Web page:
Thus began the most famous literary obituary in American history. Those words, written by the Reverend Rufus Wilmot Griswold, were published on October 9, 1849, in the New York Tribune. Griswold's description of Poe as "erratic" with "few or no friends" who would not be grieved was coupled with some praise for his works, including "The Raven." Griswold noted, "As a writer of tales it will be admitted generally, that he was scarcely surpassed in ingenuity of construction or effective painting." Nevertheless, he added quickly, "As a critic, he was more remarkable as a dissector of sentences than as a commenter upon ideas. He was little better than a carping grammarian."
Edgar Allan Poe is dead. He died in Baltimore the day before yesterday.
This announcement will startle many, but few will be grieved by it. The poet was
well known personally or by reputation, in all this country. He had readers in
England and in several states of Continental Europe. But he had few or no
friends. The regrets for his death will be suggested principally by the
consideration that in him literary art lost one of its most brilliant, but
Originally signed "Ludwig," a portion of the obituary was plagiarized from The Caxtons by Edward Bulwer-Lyton, particularly Poe's characterization. People must not have picked up on the literary reference and the obituary was soon republished again and again. When confronted with the poor characterization by Sarah Helen Whitman, Griswold wrote, "I was not his friend, nor was he mine."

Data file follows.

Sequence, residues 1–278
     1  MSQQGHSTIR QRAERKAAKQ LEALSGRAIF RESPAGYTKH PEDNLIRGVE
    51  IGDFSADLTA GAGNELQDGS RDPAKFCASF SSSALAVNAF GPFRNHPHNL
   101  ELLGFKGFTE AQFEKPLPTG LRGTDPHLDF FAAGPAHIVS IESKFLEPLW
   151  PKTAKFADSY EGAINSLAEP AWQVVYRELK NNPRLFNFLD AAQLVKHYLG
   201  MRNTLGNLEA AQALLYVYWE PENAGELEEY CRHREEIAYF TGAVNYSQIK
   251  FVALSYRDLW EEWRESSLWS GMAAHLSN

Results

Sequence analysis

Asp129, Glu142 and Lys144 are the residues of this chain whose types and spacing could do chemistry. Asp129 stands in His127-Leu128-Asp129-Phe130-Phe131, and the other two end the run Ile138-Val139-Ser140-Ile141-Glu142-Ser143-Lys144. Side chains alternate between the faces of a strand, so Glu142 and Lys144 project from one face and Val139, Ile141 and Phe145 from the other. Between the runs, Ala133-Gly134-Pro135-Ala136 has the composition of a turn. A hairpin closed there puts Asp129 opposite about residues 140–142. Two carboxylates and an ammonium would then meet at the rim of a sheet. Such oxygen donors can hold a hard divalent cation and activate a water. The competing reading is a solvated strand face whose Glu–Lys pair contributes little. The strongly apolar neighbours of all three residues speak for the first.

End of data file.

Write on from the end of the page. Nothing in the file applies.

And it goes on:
Asking why Griswold did this is complicated and there is no satisfactory answer. Instead, of asking why, we should ask, how was he capable of doing this? The fact is Griswold was a major influence, and the strength of his influence is rarely acknowledged these days. Additionally, readers wanted to (and, let's be honest, readers still want to) believe that Poe was an awful person. A figure who is depressed, suicidal, a loner, an alcoholic, one who wanders the streets muttering at imagined phantoms — this is the Poe that we want.
Should we give credit to Griswold for making sure he came to the forefront of antebellum American writing? Maybe. But he was just trying to sell a few books. Oh, in this obituary, Griswold also gave us the first published version of "Annabel Lee."